Children's Rights in the context of the COVID-19 outbreak


While we all try to adjust to an unprecedented situation affecting countries worldwide, Ombudspersons and Commissioners for Children across Europe face a new challenge: how to continue upholding children’s rights in the current context of restrictions to address the COVID-19 outbreak.
ENOC's mission to ensure that the rights of all children, as guaranteed by the UN Convention on the Rights of the Child, are respected is even more important during the COVID-19 healthcare crisis, especially in the areas of:

  • Information and Participation (Arts 12 and 13 UNCRC)
  • Protection from violence and abuse (Arts 19 and 34 UNCRC)
  • Rights to health and development, to benefit from social security, and an adequate standard of living (Arts 24, 26 and 27 UNCRC)
  • Education (Arts 28 and 29 UNCRC)

The rapidly evolving situation will continue to massively affect children in general and aggravate the conditions of the most vulnerable groups. ENOC and its members will continue to closely monitor the situation of all children, as well as the responses from local, national and European authorities during and after the end of isolation measures. We will continue to share critical information, good practices and experiences to keep children and their families safe and guarantee children’s rights under the UN Convention on the Rights of the Child (1989) and other relevant European and International Human Rights instruments.


Statement of Koulla Yiasouma - ENOC Chair

 

Useful resources


We have prepared a list of resources around coronavirus produced by ENOC members and international organisations, that can help children and young people, parents, carers as well as children's rights organisations and child protection professionals.

Resources from ENOC members

The Human Rights Defender of Armenia

The Office of the Human Rights Defender has published a guide on frequently asked questions about Covid-19 and human rights in the state of emergency. This guide is available in English, Arman, Russian and Cyrilic, and for persons with visual impairments.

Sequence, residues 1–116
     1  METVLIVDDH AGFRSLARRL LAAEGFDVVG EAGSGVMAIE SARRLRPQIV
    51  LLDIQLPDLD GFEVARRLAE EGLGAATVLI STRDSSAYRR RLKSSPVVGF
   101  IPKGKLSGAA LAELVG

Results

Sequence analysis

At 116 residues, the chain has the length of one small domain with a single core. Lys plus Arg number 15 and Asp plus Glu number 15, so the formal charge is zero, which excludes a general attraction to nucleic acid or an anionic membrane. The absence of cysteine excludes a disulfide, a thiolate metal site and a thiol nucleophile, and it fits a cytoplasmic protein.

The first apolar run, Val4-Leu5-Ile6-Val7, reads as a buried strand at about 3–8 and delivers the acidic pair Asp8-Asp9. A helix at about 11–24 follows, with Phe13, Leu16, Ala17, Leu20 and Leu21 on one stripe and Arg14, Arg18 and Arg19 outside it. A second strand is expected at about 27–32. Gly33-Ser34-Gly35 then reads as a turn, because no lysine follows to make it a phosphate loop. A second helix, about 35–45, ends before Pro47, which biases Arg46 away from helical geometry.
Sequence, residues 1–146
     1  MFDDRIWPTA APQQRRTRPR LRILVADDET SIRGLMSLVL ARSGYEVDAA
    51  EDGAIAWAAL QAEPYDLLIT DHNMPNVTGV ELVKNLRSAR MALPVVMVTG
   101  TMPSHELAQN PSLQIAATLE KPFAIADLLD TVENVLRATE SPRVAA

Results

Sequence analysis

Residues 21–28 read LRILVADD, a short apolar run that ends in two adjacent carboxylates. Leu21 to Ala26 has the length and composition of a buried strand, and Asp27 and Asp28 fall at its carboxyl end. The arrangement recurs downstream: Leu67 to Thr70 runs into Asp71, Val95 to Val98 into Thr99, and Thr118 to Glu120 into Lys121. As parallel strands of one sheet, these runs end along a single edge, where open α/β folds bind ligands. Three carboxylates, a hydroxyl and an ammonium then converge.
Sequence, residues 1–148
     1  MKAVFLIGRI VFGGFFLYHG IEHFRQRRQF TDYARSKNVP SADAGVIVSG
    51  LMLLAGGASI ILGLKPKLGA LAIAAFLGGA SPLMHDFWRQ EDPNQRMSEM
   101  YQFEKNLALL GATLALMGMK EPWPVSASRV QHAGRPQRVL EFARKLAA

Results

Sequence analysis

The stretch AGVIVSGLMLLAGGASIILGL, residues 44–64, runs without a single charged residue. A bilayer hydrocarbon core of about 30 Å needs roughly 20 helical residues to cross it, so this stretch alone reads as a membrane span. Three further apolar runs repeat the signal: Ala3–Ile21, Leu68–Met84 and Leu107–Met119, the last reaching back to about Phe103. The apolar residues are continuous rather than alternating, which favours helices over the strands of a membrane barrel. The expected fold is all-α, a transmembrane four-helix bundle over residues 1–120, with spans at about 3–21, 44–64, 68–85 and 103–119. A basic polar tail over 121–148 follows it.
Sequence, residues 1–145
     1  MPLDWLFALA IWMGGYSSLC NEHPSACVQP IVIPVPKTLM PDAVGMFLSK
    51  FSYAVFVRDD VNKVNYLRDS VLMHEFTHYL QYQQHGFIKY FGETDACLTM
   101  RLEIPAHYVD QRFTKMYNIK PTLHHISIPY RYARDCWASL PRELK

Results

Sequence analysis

The Office of the Human Rights Defender has also translated Manuel Molina’s booklet “My name is Coronavirus” offering a child-friendly explanation of coronavirus into Armenian.

The Croatian Ombudsman for Children

The Croatian Ombudsman for Children has developed a special section "Together Against Coronavirus" on its website (in Croatian), to inform the public of its recommendations, the views of children's rights organizations (ENOC, UN Committee on the Rights of the Child ), to give answers to frequently asked questions and information on how to help children in times of crisis. They have published a number of resources where parents can be informed about the protection against COVID-19, how they can support children, how to talk to them about the pandemic, where they can get psychological support for themselves and children, how to organize quarantine time with their child and illustrated materials for children and young people available in Croatian.

The Ombudsman for Children has made a number of recommendations to the executive authority regarding the protection of the well-being of children in specific conditions of life in isolation due to the pandemic, for example the protection of the best interests of children in online learning, or ensuring regular video call contacts for children separated from their parents – if their parents are divorced or one of them is in prison.

The Cypriot Commissioner for Children’s Rights

The Cypriot Commissioner for Children’s Rights has prepared and posted a special section on her website (in Greek), with useful information for children regarding COVID -19. Children and young people can find the Commissioner’s message addressed to them during the pandemic, answers to frequently asked questions on how to help children during times of crisis as well as leaflets and videos with recommendations for protecting themselves from the virus, together with useful telephone numbers to ask for help. Two projects are currently run by the Commissioner’s office, namely a creative “demonstration” by the Commissioner’s  Young Advisors Team  under the guidance of  the Theatrical Organisation of Cyprus  as well as a challenge run the in Social Media, named “#therightchallenge”, asking the public to post a photograph or video of themselves doing their favorite activity at home. More information of the two projects can be found on the website.

The Children’s Commissioner for England